brothers-in-law, Herb and Bill Sherman of Oroville, Ca., and a very devoted “adopted” daughter, Mary Ellen Shunk, as well as her faithful feline companion, “Pixie.” Nita is also survived by six grandchildren; Debra Mack Huffman of Leonardtown, Md., Michael W. Mack of Lusby, Md., Mary-Ann Bruton and her husband, David, of Great Mills, Md., Robert C. Mack of Leonardtown, Md., Christopher N. Sherman of Los Angeles, Ca. and Tyler C. Sherman and his wife Amy of Post Falls, ID as well as 10 great-grandchildren and three great-great grandchildren. A Memorial Service celebrating her life will be held Sunday, June 3 at 2 p.m. in St. John’s Catholic Church, Hollywood, Md. officiated by Rev. Raymond F. Schmidt. The family will be greeting friends at a reception immediately following the service at Monsignor Harris Hall. Contributions may be made to Make-A-Wish Foundation of America, 3550 North Central Avenue, Ste.300, Phoenix, Ariz. 85012-2127 and/or St. John’s Catholic Church, 43927 St. John’s Road, P.O. Box 69, Hollywood, Md. 20636. Arrangements provided by Mattingley-Gardiner Funeral Home, P.A.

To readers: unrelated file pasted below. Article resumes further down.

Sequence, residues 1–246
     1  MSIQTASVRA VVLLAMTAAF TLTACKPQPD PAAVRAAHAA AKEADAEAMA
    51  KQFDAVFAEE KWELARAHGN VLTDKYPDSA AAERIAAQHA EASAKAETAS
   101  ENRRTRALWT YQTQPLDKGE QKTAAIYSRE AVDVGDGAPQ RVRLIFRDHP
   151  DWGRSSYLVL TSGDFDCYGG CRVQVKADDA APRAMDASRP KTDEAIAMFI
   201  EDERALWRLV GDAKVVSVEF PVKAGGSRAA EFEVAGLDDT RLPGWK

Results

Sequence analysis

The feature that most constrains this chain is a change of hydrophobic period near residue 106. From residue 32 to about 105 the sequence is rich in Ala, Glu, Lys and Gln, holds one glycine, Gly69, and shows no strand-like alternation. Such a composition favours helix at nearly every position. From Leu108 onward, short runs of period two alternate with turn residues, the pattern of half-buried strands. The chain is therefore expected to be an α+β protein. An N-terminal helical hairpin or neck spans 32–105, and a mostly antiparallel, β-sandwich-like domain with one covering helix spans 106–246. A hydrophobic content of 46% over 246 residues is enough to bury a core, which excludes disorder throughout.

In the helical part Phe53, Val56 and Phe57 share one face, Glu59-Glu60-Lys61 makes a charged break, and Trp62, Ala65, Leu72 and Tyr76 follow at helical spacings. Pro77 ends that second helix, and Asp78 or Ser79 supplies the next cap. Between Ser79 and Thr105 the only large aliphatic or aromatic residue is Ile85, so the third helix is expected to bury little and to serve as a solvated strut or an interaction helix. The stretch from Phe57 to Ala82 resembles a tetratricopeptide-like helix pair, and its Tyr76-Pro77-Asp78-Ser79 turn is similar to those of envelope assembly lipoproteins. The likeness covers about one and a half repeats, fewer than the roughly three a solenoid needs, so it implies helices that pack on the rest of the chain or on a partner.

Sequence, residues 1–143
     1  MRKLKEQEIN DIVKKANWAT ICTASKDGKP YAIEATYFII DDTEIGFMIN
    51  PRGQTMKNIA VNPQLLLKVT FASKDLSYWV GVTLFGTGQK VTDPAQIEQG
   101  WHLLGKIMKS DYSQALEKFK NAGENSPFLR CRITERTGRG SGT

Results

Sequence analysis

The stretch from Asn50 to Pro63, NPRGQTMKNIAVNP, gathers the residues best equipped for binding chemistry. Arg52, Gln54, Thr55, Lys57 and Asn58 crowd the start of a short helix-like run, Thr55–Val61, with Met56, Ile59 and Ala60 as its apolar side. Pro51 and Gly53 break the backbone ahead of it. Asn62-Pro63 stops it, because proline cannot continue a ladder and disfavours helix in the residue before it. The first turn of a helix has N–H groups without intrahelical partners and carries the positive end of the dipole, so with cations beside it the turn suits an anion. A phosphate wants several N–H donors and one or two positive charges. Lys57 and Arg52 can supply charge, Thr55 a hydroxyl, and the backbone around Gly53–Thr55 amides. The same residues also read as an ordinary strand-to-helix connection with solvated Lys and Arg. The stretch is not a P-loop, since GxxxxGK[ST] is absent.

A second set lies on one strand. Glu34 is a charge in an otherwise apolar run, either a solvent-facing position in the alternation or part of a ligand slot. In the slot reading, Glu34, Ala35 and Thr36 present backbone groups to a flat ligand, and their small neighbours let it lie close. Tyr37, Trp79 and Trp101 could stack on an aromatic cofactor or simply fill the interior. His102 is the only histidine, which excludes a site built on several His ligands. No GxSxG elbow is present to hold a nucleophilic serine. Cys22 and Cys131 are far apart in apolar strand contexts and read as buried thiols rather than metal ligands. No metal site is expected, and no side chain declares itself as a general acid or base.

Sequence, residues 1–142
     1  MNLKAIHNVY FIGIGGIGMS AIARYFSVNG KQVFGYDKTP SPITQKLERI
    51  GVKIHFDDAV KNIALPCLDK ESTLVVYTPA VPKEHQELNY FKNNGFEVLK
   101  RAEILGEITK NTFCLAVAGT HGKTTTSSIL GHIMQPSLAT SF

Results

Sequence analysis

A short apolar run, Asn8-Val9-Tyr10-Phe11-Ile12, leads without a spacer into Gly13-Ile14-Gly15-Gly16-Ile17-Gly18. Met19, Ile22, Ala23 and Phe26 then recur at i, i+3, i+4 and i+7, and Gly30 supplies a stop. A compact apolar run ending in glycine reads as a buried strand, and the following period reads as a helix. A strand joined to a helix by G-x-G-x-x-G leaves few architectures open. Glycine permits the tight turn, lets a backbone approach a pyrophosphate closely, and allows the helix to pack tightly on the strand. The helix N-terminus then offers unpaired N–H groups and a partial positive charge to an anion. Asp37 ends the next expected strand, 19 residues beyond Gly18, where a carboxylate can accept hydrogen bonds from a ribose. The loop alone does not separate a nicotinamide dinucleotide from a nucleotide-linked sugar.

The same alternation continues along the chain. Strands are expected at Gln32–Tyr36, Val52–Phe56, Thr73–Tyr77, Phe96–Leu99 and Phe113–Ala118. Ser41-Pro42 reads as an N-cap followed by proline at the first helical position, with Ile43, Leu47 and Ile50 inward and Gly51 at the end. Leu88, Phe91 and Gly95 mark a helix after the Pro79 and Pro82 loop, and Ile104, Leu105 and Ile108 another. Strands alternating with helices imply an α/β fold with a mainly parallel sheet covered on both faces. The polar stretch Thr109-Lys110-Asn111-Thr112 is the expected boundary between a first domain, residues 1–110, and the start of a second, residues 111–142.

Shirley Ann Stamnos, 81 Shirley Ann Stamnos, 81, of Lexington Park, Md. died May 16, 2007 in Washington Hospital Center, Washington, D.C. Born Oct.25, 1925 in Arispie, Ill, she was the daughter of the late Lester MacDonald and Mildred Margaret Smith. She worked as a supply technician for the U.S. Government. She is survived by her husband, Paul C. Stamnos, four grandchildren and five great-grandchildren. In addition to her parents, she is preceded in death by her son, Eugene Charles Stamnos. The family received friends on Monday, May 21 from 5-8 p.m. in the Brinsfield Funeral Home Chapel, Leonardtown, Md. Prayers were recited at 7 p.m. A Funeral Service was conducted Tuesday, May 22 at 10 a.m. in St. George’s Episcopal Church, Valley Lee, Md. Reverend Paula Robinson conducted the service. Interment followed in the church cemetery. Memorial contributions may be made to Lexington Park Volunteer Rescue Squad, P.O. Box 339, Lexington Park, Md. 20653-0339. Arrangements by the Brinsfield Funeral Home, P.A. in Leonardtown, Md.